Sunday, April 22, 2012

MJ Rosenberg Eases Up a Notch

I haven't been reading MJ Rosenberg's new blog, but judging by his latest blog post on the Huffington Post, he seems to have dialed back the rhetoric just a tad. He's still ranting and raving about the lobby and the evil evil pro-Israel people, but he's also said some things that his readers at least need to hear. Let's take a look.

Rosenberg leads off by placing Israel in a box:
"The occupation and the Iran nuclear issue have swallowed up Israel. Unless you live there, the only sense you get of that country is that it is obsessed with Iran, maintaining the occupation, and exploiting the Holocaust to keep critics of its policies on the defensive. No wonder a billionaire-financed organization has to pay for college students to visit Israel. Without the "subsidy," who would voluntarily go to a place that its advocates portray as a combination war zone and Holocaust memorial?...
But one should expect that of Israel's advocates. However, few of them make any effort to present the real Israel. They are too busy selling Israel's policies toward Iran and in the West Bank, Gaza, and Jerusalem -- and trying to silence policy-makers, journalists, academics and others, who do not march in lockstep behind Binyamin Netanyahu's policies. "
This is an arrogant couple of paragraphs. Rosenberg is an American. He's visited Israel "some 35 times," but he's still an American. Why should we believe him when he talks about "the real Israel" over, well, practically any Israeli? Likewise, how can he speak for every single person's perception of Israel? Here's two examples of Israel in the mainstream American consciousness that has reached more people than all of Rosenberg's columns put together: Israeli technology on "Glee" and the character of Ziva David on "NCIS." Neither of those have to do with Iran, the occupation, or the Holocaust. I think Rosenberg is projecting. Since the only thing he does is read anti-Israel literature all day long, which complains about the occupation and Israeli "war mongering," that's how he believes everyone sees Israel. Like I said, arrogant.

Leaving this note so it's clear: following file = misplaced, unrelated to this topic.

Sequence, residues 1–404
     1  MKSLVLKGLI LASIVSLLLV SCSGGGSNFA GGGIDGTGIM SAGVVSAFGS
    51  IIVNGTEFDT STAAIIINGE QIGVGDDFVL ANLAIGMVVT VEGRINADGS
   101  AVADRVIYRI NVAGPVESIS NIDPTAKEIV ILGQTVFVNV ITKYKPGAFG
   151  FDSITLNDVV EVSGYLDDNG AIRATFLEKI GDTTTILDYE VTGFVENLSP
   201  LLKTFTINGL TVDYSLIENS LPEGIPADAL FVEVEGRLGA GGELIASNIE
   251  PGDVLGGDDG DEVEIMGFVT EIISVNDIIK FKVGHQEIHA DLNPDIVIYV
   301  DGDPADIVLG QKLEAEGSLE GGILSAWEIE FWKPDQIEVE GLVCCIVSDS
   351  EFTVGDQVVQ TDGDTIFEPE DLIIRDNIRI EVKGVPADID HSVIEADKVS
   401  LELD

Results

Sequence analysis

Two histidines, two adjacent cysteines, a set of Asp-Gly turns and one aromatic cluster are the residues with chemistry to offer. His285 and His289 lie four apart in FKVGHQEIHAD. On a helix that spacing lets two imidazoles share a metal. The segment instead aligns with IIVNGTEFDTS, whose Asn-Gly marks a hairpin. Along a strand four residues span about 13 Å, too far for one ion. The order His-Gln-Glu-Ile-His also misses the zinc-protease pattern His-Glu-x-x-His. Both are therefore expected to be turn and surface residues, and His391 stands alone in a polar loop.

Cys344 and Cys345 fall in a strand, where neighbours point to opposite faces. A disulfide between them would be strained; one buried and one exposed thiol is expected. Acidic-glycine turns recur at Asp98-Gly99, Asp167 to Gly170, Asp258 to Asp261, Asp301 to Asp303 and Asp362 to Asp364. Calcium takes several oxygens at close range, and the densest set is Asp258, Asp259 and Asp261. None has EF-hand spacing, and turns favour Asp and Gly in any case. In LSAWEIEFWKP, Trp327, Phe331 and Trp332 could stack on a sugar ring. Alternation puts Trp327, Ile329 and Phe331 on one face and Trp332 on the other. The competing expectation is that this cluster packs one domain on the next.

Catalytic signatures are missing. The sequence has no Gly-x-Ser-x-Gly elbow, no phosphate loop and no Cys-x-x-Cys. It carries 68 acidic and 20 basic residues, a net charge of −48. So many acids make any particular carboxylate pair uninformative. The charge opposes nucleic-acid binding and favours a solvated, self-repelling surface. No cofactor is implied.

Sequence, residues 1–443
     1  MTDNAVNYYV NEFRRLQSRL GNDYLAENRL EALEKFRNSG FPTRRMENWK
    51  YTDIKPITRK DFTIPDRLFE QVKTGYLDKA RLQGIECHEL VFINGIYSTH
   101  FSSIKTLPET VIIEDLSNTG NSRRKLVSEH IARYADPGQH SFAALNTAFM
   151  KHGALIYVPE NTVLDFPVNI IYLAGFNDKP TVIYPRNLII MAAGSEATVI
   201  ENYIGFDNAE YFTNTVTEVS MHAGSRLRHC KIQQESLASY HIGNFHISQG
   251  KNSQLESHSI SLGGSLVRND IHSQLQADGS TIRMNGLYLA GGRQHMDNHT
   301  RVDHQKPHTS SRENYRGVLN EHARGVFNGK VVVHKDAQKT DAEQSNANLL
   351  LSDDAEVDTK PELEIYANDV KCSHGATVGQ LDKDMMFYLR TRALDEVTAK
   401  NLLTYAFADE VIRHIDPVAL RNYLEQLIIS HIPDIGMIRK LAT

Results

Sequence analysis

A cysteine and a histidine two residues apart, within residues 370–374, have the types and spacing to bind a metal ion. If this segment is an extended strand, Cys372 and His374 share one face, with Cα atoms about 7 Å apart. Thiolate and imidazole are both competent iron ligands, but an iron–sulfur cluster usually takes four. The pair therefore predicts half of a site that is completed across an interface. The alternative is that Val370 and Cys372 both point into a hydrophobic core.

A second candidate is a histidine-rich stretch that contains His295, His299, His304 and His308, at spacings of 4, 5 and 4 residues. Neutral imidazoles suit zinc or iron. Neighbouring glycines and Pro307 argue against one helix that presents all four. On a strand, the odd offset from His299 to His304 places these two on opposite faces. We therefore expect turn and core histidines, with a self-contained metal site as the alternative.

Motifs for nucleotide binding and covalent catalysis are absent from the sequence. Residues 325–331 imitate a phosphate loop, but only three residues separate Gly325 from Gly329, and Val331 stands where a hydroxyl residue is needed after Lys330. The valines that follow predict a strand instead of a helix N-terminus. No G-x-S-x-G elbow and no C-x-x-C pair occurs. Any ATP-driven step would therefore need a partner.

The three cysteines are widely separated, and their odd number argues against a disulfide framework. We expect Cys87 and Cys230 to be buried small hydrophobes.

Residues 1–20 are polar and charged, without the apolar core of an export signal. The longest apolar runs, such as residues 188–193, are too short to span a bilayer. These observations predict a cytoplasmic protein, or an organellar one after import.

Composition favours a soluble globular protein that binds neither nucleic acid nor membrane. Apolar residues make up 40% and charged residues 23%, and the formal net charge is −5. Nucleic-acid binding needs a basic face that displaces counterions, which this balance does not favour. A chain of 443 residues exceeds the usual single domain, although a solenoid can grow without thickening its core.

Rosenberg then keeps the arrogance going by declaring how he would run Israeli hasbara:
"If I were running Israel's "hasbara" (public relations) efforts on campus or among people under 40, I'd use the slogan, "Israel, Yes: Occupation, No."
Unfortunately, that approach will never be adopted because the people involved in selling Israel care more about promoting the government's policies than the country itself. They are engaged in a political battle designed to garner support for Prime Minister Binyamin Netanyahu's policies, not Israel. And, even more, advancing their own influence and power."
This is even more proof of why Mr. Rosenberg as an American should not try to speak for Israelis. The occupation in Israel is seen by the vast majority of people as a necessary evil. If the vast majority of Israelis wanted the occupation gone, it would be gone. They would elect a party that would end the occupation, and that would be that.